A whale of a time in Kaikoura

When I was younger I sent off lots of competition entry forms from the back of wildlife magazines. One day, out of the blue, I was gobsmacked to actually receive a prize in the post; people do actually win those things, who knew! It was a copy of Mark Carwardine’s book On the Trail of the Whale. If I remember correctly, the opening chapter is about Mark’s experience as a first time visitor falling in love with Kaikoura, a magical sounding whale mecca in a far off land named New Zealand. One day, I daydreamed, I would visit that mystical place.

Indeed, Kaikoura was the first place I visited in New Zealand back in 2001, after landing in Christchurch. I couldn’t get there fast enough and spent hours sitting on top of perhaps the same hilly clifftop that Mark Carwardine had written about years before.

Ever since then Kaikoura has occupied rather a big space in my heart. So, to go back there, this time talking to its young ocean guardians about how to protect the sea, has made my heart feel full and happy.

I made the most of having a whole weekend of fun time in Kaikoura and spent as much time as possible with a wonderful variety of sea creatures; sperm whales, dusky dolphins, hector’s dolphins, blue penguins, albatross species and a plethora of other seabirds too.

Sperm whales are one of the fascinating year-round residents of Kaikoura’s coastline. They are the largest Odontocete (toothed) whale, reaching 15 – 20m in length, can weigh in at 40 – 60 tons and live up to 70 years.

They make dives of 40 to 60 minutes to around 1,000m deep in the nearby underwater canyon, but are capable of diving for over 2 hours to 3,000m deep. They have the largest brain of any animal on earth (around 7 times the size of a human brain) and are thought to be one of the loudest animals, having been recorded at 230 decibels. They amplify sounds waves, or clicks, using the spermaceti oil in their heads to locate and even stun or kill their prey. They are remarkable creatures.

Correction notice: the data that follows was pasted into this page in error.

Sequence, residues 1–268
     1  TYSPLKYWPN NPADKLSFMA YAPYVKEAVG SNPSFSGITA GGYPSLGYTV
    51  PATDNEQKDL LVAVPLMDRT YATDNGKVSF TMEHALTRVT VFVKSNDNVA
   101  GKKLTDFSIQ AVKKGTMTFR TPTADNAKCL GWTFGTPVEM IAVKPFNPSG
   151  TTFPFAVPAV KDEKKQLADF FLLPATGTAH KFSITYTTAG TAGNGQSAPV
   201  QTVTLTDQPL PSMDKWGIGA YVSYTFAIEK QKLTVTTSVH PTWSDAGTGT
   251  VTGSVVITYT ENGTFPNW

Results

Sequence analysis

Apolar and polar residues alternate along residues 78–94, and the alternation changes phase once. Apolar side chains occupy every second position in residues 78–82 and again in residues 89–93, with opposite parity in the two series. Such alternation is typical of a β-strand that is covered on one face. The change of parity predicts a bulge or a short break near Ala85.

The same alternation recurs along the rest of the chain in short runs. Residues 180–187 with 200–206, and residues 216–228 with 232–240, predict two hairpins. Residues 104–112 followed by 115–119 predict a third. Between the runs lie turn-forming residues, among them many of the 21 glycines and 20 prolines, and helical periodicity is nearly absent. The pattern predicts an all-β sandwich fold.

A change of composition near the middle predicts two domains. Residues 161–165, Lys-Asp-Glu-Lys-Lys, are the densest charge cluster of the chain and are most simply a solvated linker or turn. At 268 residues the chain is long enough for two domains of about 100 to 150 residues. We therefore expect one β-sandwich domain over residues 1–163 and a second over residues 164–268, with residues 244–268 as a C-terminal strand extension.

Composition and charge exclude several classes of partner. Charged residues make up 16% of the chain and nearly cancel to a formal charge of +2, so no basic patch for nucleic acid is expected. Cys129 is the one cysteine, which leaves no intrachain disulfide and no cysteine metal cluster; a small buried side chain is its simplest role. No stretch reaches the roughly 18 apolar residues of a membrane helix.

Being in the presence of one of these majestic creatures when it surfaces between dives creates an awed silence as the Whalewatch boat slowly approaches, keeping a respectful distance. Only a small fraction of their body sits above the water; just enough to show their proportionally small dorsal fin and a slither of head so their blowhole has access to fresh air.

Here the blowhole is visible on the left and the dorsal fin on the right side of the photo. Other than that, it looks a bit like a floating log, doesn’t it?!

During their 7 or 8 minute surface interval, the oil in their heads cools and solidifies into a dense wax, which helps the whale dive down deep below the surface. Once they’ve replenished their oxygen store and are ready to make their dive, they make one brief dip below the surface before diving head down, arching their backs and eventually heading vertically downwards, tails up in the air and then propelling themselves down into the dark watery depths of the Kaikoura Canyon. They spend 80% of their lives in darkness of the depths of sea, so we really were lucky to see 3 of these leviathons on our trip.

When they disappear from sight, you’re left gazing at their ‘footprint’, the flat patch of water created by the mighty flick of their tail as they head dowards the canyon depths. And we’re all left grinning at one another; the lucky few to share this experience.

‘It’s like nothing else in the world exists when you’re watching those animals’ one lady said. ‘All your worldly problems melt away, none of that stuff matters and you’re just caught up in the moment, soaking up the wonder of nature’. Yup. That pretty much sums up how I feel about the ocean every time I’m in it.

Try it and sea…

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